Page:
3.4     Conclusions View, Findings and Recommendations

3.4.1  Overview

Terms such as ‘procurement’, ‘inclusion’, ‘accessibility’ and ‘compliance’ are difficult to define precisely, and they are often not fully understood by those responsible for managing or providing the products or environments people use.  They are also not readily understood by those administrating and triggering the procurement process.

It is strange, therefore … and unacceptable … that this Report does not attempt to reduce and/or remove the ambiguity surrounding these terms … by providing a clear definition, with a supporting explanatory text, for each of the terms listed above.

I’m not even sure that the large numbers of people who helped to draft the CEN Joint Report fully understand those terms !

Most importantly, the Report is not at all precise about … and in fact appears to be completely confused by … the clear distinction which must be made between ‘accessibility’ and ‘access’.

2.  ‘Accessibility’ & UN CRPD

Accessibility does not begin and end with Article 9 of the United Nations 2006 Convention on the Rights of Persons with Disabilities (CRPD) !!!   See my post, dated 15 January 2011 … and #6 below.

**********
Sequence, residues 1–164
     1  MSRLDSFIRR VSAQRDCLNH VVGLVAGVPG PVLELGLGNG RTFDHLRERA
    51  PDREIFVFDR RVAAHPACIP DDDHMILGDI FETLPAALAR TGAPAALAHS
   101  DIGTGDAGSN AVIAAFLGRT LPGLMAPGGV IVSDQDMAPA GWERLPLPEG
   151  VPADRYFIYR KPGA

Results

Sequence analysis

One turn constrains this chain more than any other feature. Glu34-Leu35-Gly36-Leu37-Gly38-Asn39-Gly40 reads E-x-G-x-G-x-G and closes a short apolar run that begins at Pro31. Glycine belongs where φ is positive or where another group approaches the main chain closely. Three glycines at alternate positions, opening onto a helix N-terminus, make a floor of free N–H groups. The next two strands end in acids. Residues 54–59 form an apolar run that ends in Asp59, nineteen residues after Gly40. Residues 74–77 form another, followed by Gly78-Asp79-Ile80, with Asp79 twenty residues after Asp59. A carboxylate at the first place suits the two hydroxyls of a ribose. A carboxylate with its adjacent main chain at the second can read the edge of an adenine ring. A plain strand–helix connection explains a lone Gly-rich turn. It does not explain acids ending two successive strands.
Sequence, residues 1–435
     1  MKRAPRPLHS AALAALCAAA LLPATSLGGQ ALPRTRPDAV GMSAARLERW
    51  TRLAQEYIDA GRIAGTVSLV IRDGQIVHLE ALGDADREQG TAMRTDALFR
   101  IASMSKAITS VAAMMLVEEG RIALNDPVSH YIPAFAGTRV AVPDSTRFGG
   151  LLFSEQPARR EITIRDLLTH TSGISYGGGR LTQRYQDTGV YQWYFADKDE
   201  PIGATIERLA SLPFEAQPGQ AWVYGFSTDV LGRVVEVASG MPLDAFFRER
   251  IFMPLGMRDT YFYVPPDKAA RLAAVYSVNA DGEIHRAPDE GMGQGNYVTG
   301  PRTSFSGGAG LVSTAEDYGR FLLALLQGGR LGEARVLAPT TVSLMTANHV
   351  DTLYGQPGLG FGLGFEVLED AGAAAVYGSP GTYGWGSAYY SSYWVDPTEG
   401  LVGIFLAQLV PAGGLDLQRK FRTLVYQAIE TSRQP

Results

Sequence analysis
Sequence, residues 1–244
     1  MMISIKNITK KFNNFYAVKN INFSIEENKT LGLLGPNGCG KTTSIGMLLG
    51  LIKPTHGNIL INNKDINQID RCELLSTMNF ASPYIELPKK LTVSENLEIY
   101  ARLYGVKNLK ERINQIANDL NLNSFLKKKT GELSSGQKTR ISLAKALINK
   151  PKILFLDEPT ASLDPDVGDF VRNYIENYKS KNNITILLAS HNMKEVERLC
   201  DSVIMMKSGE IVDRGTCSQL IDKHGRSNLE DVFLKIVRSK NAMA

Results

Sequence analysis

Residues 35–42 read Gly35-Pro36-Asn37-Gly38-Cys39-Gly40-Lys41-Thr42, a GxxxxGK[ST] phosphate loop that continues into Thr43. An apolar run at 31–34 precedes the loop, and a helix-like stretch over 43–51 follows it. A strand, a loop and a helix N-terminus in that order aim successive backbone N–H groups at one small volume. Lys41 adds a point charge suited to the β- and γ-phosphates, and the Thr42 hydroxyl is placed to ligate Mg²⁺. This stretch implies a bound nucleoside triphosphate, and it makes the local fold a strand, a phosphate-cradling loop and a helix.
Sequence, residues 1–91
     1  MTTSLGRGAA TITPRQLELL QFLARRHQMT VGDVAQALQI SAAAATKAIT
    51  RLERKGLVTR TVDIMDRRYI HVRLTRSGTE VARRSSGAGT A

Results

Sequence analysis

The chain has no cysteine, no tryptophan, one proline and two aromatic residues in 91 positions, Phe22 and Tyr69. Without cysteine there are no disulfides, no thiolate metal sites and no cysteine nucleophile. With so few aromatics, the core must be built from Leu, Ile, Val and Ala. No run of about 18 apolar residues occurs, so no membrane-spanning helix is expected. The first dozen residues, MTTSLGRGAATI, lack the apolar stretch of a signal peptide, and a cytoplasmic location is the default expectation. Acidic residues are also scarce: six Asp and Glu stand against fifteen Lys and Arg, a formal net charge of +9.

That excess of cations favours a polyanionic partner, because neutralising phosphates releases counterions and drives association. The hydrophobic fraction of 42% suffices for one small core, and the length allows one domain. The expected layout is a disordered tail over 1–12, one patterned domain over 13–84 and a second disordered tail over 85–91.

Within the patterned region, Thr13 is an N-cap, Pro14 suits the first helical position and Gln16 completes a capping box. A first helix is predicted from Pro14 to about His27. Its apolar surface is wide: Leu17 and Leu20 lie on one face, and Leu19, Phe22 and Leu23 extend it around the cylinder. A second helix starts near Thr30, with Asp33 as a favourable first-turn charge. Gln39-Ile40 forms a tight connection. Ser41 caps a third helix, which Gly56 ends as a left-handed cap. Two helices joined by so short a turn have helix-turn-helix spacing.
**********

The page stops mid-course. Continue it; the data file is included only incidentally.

3.  EU Ratification of UN CRPD

The full implications arising from European Union (EU) Ratification, on 23 December 2010, of the United Nations 2006 Convention on the Rights of Persons with Disabilities (CRPD) … for both EU Institutions, and the EU Member States (whether or not they have individually ratified the UN Convention) … have not been properly examined in the CEN Joint Report.

See my post, dated 5 February 2011 .

4.  Mainstreaming ‘Accessibility’

For the majority of people involved in the spatial planning, design and development of the European Built Environment, Accessibility is all about transport issues … for example, how far a proposed new building is from a transportation node.

We are communicating such a confused message (is it Accessibility for All, Design for All, Inclusive Design, Universal Design, or Barrier-Free Design ?) … that many policy and decision makers just could not be bothered.  And who, in Europe, is really concerned with the quality of Accessibility Implementation ???

In addition … the CEN Joint Report neglected to deal adequately … or at all … with a major body of EU Legislation which has been implemented at national level, in the Member States, many years ago … Safety at Work Legislation !   All of the EU Directives require that workplaces be accessible.  Yet, I know for a fact that, in Ireland, the Health & Safety Authority (HSA) is doing absolutely nothing to check whether this requirement is being complied with or not.